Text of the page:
For the purposes of defining NATs, each of these IPs must be defined as a /32. If you define them as /28s, then traffic to all 16 IPs in that CIDR range will match the first NAT you have defined in your policy.
EDIT: Expanding on the above; this may vary dependent upon platform, but based on my experience on Checkpoint NAT, consider the following. (I'll write up Cisco as well, at a later stage; takes a bit more effort to express).
For the purposes of this example, Checkpoint NAT rules can be considered in the form:
|| Original || Translated ||
|| Src | Dst | Port || Src | Dst | Port ||
In this case, we are concerned with the 'Original Dst'. Let's assume that we're creating a rule for traffic destined for 126.96.36.199, which will be redirected to an internal web server.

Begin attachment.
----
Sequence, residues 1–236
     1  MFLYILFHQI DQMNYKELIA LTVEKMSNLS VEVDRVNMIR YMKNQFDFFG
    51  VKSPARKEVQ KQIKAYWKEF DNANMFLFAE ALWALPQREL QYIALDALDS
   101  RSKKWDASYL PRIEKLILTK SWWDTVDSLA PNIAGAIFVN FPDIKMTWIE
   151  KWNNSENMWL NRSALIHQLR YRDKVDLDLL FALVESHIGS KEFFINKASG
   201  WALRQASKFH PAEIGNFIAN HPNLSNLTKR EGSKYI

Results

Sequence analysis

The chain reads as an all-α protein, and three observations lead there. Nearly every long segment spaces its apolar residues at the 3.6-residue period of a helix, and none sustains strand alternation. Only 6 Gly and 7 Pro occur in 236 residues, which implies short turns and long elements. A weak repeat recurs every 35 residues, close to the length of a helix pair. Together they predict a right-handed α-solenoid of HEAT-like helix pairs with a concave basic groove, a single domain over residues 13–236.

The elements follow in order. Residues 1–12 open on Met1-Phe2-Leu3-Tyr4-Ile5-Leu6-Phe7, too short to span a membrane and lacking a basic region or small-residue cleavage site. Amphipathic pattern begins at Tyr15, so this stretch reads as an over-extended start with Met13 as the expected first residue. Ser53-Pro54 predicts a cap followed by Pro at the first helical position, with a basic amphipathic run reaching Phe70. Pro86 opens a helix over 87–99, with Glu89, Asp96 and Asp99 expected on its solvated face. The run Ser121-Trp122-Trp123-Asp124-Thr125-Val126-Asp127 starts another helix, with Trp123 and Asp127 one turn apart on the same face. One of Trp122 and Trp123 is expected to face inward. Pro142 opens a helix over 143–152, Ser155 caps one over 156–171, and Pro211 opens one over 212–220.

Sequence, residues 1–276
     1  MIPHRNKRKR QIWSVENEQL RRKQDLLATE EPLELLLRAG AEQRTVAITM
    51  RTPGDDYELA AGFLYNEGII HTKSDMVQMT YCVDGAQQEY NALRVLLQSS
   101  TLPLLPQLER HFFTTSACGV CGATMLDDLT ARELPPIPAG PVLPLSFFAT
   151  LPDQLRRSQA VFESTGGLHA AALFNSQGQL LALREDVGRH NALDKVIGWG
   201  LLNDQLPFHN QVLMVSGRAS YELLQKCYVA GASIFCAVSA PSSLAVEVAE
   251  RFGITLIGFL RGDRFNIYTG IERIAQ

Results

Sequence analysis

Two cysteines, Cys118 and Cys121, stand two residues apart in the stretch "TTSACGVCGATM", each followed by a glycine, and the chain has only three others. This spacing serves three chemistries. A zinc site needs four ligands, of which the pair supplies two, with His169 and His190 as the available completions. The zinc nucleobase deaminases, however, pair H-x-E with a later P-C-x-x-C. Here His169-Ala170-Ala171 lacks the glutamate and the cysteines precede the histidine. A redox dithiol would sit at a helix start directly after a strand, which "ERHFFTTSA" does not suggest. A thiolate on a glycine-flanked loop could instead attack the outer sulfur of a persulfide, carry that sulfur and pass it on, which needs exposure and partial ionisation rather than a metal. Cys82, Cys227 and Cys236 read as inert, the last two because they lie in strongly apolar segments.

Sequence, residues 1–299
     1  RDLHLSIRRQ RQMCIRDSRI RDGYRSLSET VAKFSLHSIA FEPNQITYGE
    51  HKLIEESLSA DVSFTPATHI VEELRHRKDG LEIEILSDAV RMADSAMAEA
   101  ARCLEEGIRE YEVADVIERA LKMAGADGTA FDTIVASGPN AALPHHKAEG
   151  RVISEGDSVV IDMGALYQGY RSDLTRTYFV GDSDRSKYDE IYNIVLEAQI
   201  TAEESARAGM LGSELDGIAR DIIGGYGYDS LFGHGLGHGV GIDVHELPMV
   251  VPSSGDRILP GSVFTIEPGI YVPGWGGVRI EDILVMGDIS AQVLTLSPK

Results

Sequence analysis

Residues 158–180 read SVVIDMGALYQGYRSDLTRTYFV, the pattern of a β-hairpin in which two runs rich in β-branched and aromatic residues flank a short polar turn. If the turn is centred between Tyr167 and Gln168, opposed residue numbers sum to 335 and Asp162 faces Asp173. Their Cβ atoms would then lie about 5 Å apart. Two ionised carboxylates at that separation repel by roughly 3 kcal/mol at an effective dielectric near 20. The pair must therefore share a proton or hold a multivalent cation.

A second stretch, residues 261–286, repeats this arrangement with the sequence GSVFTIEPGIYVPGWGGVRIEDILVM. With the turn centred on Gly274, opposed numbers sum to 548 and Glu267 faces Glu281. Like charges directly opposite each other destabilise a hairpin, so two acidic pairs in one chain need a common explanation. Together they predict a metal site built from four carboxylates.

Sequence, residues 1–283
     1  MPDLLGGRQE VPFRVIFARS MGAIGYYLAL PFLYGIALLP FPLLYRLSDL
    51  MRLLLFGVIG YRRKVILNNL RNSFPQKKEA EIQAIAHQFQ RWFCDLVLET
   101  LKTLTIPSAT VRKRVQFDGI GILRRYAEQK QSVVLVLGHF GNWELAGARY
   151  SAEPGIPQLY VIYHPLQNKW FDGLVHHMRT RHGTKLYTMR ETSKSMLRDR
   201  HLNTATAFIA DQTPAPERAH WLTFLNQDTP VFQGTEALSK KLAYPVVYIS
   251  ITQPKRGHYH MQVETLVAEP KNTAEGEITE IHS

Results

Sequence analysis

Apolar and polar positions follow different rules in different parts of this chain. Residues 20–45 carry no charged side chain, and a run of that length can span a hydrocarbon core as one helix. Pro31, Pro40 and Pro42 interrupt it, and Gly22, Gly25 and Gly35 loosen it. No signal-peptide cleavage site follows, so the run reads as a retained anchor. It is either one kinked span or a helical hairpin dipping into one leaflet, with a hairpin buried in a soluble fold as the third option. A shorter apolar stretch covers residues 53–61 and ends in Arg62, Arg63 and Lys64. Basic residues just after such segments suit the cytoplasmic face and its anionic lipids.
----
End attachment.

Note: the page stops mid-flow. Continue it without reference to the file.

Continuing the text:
Port: TCP/80. TCP/443
The problem with this rule is that 188.8.131.52/28 will match traffic destined to any IP in the range:
[ 184.108.40.206 ... 220.127.116.11 ]
And any subsequent rules (for example, redirecting SMTP traffic to 18.104.22.168 to internal server 192.168.1.2) will never be hit.
The cases where this prefix will need to be defined as a /28 are:
When being used for routing. It sounds like you only have one ISP, so I would expect that you will have a static default route pointing to your ISP's default gateway, and your ISP will have a static route for your allocated /28 pointing to your internet facing device (firewall?). In this case, traffic for all these IPs will be routed to your internet gateway regardless of how you define the addresses in your firewall policy.
When you are using it as a true layer 3 subnet, where all hosts need to be in the same broadcast domain. As you have said these addresses will be used to NAT to internal webservers, this case also doesn't apply.